The flurry of interest around Childhood as a cultural construction, while originating in the 1930s with the work of scholars like Margaret Mead (1928, 1930) has fluoresced particularly since the work of Phillipe Ariès (1962). Such constructivist perspectives have focused on the separation of children's lives from those of adults, as well as the imposition of innocence (defined as ignorance of the “real world”) onto the young via the concept of Childhood. Such a notion of innocence requires a complementary construct of monstrousness, of Bad Children who are, on the basis of their behavior, banished from the kingdom of Childhood (Conrad 1999; James and Jenks 1996). These young people either pose a danger to the ones who still manage to stay within the Good Child realm or, more comprehensively, threaten the entire construct of Childhood. As Allison James and Chris Jenks (1996) point out in their discussion of the public perceptions surrounding the 1993 murder of Jamie Bulger in Britain: 1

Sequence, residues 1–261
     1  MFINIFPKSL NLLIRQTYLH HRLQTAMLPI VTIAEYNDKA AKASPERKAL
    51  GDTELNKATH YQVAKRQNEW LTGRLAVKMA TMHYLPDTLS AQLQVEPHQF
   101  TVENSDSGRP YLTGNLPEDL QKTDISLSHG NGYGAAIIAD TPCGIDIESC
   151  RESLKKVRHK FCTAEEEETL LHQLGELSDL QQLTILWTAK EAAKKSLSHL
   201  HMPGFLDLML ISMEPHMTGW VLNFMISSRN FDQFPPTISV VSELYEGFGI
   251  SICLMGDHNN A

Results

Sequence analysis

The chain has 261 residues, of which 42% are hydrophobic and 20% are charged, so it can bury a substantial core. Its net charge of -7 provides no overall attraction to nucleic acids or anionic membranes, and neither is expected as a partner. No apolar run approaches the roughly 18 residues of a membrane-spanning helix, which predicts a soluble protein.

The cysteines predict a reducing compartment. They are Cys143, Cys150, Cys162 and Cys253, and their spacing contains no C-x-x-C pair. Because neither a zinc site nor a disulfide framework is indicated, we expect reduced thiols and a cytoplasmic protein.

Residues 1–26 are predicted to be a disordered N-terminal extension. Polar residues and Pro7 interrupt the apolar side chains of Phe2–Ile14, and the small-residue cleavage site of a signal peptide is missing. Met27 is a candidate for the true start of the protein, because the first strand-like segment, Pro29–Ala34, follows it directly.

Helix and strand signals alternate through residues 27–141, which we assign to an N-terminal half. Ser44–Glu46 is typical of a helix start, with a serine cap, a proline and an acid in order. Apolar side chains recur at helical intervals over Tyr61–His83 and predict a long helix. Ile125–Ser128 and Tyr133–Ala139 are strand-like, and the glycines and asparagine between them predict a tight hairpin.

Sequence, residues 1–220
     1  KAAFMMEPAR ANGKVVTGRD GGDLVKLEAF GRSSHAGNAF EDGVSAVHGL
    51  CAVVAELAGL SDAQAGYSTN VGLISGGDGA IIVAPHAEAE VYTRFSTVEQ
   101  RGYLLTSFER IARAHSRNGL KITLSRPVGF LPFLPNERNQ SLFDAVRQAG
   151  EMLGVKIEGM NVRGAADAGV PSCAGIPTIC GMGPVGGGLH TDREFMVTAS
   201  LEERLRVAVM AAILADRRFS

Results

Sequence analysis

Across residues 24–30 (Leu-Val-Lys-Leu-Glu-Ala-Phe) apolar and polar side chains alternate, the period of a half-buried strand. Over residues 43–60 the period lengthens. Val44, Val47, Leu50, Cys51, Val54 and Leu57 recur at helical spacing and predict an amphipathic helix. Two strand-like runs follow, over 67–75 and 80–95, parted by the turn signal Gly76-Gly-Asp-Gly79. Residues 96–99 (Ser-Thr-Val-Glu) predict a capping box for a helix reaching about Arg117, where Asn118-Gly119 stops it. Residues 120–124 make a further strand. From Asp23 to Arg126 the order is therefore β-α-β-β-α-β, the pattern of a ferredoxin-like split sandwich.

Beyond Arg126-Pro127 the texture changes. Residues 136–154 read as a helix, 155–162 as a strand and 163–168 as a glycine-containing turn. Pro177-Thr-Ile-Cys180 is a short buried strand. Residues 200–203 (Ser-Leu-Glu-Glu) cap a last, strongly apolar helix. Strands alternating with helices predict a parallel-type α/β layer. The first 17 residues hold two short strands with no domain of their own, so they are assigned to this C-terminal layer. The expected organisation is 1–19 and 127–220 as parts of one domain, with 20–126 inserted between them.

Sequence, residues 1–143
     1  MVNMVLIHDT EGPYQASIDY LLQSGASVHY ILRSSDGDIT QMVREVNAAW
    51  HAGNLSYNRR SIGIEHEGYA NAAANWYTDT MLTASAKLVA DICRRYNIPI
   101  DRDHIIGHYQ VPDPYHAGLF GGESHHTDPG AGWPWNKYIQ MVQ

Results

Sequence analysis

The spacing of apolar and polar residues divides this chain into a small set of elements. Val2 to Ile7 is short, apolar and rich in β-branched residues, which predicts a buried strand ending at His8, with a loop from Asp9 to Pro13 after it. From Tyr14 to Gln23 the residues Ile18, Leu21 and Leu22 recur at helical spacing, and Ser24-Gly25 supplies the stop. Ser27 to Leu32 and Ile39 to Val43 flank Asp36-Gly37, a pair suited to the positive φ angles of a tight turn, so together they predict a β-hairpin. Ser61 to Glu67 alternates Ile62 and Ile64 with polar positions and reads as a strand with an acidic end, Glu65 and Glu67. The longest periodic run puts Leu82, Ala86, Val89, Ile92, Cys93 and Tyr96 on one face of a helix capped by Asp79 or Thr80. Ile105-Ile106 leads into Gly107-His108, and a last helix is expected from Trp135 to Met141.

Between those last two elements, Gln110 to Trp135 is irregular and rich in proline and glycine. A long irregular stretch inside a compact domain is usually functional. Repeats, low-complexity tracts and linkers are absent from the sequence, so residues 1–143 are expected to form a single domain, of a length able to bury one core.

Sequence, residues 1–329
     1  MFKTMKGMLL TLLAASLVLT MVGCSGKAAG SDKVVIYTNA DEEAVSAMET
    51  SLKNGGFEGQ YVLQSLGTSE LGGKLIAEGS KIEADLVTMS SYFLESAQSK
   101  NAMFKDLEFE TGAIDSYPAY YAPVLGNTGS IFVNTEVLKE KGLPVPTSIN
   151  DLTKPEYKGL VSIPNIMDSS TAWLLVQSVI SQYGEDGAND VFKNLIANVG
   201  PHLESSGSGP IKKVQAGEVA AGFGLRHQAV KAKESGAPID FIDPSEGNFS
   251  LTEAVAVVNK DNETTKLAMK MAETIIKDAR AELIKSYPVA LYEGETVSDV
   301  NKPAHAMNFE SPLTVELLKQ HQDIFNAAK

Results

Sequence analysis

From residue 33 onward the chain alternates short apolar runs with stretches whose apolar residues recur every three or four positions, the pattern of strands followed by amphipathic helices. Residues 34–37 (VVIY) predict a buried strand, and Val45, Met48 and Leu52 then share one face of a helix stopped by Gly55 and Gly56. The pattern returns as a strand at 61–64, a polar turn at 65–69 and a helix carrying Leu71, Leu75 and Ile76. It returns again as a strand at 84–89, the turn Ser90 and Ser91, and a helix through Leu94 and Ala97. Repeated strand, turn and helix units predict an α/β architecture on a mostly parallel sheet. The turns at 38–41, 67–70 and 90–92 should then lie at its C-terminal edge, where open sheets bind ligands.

…the murder was not just disturbing but was, quite literally, unthinkable. Unthinkable, that is, because it occurred within the conceptual space of childhood which, prior to this breach, was conceived of—for the most part and for most children—as innocence enshrined. In essence, what the British public seemed to have to come to terms with in 1993
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Publication information: Book title: At Play in Belfast:Children's Folklore and Identities in Northern Ireland. Contributors: Donna M. Lanclos - Author. Publisher: Rutgers University Press. Place of publication: New Brunswick, NJ. Publication year: 2003. Page number: 149.
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